“Suppose, bhikkhus, that the barley has ripened and the watchman is vigilant. If a bull fond of barley enters the barley field, the watchman would catch hold of him firmly by the muzzle. While holding him firmly by the muzzle, he would get a secure grip on the locks between his horns and, keeping him in check there, would give him a sound beating with his staff. After giving him that beating, he would drive the bull away. This might happen a second time and a third time. Thus that bull fond of barley, whether he has gone to the village or the forest, whether he is accustomed to standing or to sitting, remembering the previous beating he got from the staff, would not enter that barley field again.

“So too, bhikkhus, when a bhikkhu’s mind has been subdued, well subdued, regarding the six bases for contact, it then becomes inwardly steady, settled, unified, and concentrated.
Iti 94 wrote:This was said by the Lord…

“Bhikkhus, a bhikkhu should so investigate that as he investigates, his consciousness is not distracted and diffused externally, and internally is not fixed, and by not grasping anything he should remain undisturbed. If his consciousness is not distracted and diffused externally, and internally is not fixed, and if by not grasping anything he remains undisturbed, then there is no coming into existence of birth, ageing, death, and suffering in the future.”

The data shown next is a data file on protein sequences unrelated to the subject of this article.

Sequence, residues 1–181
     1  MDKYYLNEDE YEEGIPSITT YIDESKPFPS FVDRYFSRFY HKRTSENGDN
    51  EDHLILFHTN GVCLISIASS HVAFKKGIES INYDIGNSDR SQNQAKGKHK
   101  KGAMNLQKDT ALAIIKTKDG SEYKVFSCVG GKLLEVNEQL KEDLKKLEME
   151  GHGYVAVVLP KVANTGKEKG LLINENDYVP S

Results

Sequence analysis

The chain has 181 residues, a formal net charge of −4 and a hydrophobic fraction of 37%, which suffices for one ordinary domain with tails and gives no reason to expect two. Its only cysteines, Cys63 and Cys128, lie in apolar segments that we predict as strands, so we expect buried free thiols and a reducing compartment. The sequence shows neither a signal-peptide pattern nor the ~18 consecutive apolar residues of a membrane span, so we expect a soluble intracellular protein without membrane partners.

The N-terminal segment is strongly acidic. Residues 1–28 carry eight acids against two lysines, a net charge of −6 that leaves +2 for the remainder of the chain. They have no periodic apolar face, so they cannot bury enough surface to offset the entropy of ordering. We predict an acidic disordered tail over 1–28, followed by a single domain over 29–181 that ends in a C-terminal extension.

When a bhikkhu has abandoned
The seven ties and cut the cord,
His wandering on in births is finished:
There is no renewal of being for him.
So it seems is inconceivable to describe Nibbana in positive terms from the position of conceit (which it seems we all still maintain):
MN 1 wrote:He perceives Nibbāna as Nibbāna. Having perceived Nibbāna as Nibbāna, he conceives himself as Nibbāna, he conceives himself in Nibbāna, he conceives himself apart from Nibbāna, he conceives Nibbāna to be ‘mine,’ he delights in Nibbāna. Why is that? Because he has not fully understood it, I say.
As to the extent of the world (becoming otherwise), conceiving, conceit, Nibbana: